This week, a new group called Take Wake Schools Back announced it had formed a political action committee. In a news release, Dennis Berwyn, a member of the group's PAC and an activist in state Republican Party politics, blasted Wake's busing of students out of their neighborhood schools as not working.

Two other groups have their own political action committees. One was formed by Wake Schools Community Alliance, and the other by Dana Cope, president of the state Employees Association of North Carolina.

The question is whether these three groups can all work together to back the same candidates or will split the opposition vote in this fall's school board elections. Four of the nine school board seats will be on the October ballot.

Burns to be shorn

Wake County Schools Superintendent Del Burns is willing to stick out his neck, or at least his hair, for a good cause.

Burns has agreed to have his hair shaved off this afternoon at Napper Tandy's Irish Pub in Raleigh to help raise money for the St. Baldrick's Foundation. The organization raises money to help children afflicted with cancer.

Burns said he wants to support Wake students who are fighting cancer.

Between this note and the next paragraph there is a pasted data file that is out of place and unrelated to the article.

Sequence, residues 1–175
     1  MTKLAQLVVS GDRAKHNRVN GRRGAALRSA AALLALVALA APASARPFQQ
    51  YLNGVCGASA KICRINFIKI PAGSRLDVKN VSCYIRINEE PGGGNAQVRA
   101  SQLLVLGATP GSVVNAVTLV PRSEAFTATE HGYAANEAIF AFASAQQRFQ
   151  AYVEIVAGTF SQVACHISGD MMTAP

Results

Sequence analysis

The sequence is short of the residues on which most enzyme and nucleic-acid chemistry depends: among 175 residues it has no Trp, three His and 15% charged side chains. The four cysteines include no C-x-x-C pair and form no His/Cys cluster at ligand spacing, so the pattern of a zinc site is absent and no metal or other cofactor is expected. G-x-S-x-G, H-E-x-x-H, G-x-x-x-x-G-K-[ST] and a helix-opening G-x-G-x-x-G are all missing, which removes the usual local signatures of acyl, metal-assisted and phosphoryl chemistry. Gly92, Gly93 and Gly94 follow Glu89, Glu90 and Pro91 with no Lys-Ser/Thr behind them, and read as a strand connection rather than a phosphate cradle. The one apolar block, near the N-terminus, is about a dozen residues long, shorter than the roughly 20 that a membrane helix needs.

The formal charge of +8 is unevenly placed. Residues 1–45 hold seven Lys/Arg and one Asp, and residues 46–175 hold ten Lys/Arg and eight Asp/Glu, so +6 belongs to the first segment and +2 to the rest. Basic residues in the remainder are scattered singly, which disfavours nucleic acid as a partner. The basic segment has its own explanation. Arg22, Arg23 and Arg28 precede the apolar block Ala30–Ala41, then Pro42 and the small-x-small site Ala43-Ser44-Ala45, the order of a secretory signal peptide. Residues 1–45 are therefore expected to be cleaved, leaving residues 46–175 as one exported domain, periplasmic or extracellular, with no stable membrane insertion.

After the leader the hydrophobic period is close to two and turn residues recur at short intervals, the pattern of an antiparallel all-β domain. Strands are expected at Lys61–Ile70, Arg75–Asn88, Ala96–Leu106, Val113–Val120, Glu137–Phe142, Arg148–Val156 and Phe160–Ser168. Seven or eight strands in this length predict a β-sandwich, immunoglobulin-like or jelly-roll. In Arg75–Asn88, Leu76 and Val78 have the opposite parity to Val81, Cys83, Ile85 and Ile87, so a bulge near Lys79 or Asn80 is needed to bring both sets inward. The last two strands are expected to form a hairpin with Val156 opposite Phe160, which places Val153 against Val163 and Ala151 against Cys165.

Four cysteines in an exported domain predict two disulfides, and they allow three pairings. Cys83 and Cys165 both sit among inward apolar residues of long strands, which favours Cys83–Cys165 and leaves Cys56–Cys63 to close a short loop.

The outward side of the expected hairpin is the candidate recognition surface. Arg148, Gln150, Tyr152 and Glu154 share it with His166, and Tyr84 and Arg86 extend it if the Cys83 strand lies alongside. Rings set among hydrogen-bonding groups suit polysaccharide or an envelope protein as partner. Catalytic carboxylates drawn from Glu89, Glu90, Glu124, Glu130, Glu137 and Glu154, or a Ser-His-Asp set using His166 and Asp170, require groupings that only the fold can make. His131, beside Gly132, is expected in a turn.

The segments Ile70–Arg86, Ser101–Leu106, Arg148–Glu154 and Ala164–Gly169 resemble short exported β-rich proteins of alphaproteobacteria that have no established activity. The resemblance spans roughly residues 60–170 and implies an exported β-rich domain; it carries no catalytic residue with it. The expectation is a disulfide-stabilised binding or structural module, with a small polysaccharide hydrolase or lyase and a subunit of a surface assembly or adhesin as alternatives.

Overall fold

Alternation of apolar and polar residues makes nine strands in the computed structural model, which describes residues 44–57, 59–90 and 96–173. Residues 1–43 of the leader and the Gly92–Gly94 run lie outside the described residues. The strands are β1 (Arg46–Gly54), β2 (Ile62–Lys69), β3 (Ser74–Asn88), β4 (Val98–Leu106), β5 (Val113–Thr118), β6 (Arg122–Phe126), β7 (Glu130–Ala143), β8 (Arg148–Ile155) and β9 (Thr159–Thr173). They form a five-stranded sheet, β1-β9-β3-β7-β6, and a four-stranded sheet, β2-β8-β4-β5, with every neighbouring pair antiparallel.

His goal is to raise $3,000. His donors include Michael Evans, Wake's chief communications officer; Donna Hargens, Wake's chief academic officer; Harvey Schmitt, president of the Greater Raleigh Chamber of Commerce; and Nancy McFarlane, a Raleigh City Council member.

R-Line is the road to ride

Two weeks ago we asked readers to answer Raleigh Mayor Charles Meeker's call to give the city's new downtown bus route, the R-Line, some soul by coming up with a theme song. We got three responses, which is good news for those Raleigh musicians now hard at work on their original R-Line compositions.

One reader said Raleigh already has a song, Chuck Berry's "Promised Land," and he has a point: "Straddled that greyhound, rode him past Raleigh, On across Caroline ..."

Jack Nichols of Raleigh offered up "Bus Stop" by the British band The Hollies. That song equates bus riding with a level of romanticism that even the free R-Line may have trouble achieving: "Every morning I would see her waiting at the stop ... Sometimes she'd shopped and she would show me what she bought ... Other people stared as if we were both quite insane ... Someday my name and hers are going to be the same."

And finally, David Diaz, president of the Downtown Raleigh Alliance, suggested the 1960s hit song "Downtown" by Petula Clark.

"It's retro, which captures the local and independent retailers and restaurants found in downtown," Diaz explained. "And Seinfeld repopularized it in one of his episodes."

Our recommendation will come as no surprise to regular readers of Triangle Politics: Eddie Money's "Take Me Home Tonight." Now if we could only find the key and turn this engine on.

-- Orange County Commissioner Mike Nelson, as the commissioners heard Thursday night that the county faces an $8.7 million revenue shortfall for the coming fiscal year. The shortfall represents about 5 percent of the county's current budget and about 6.2 cents on the current property tax rate.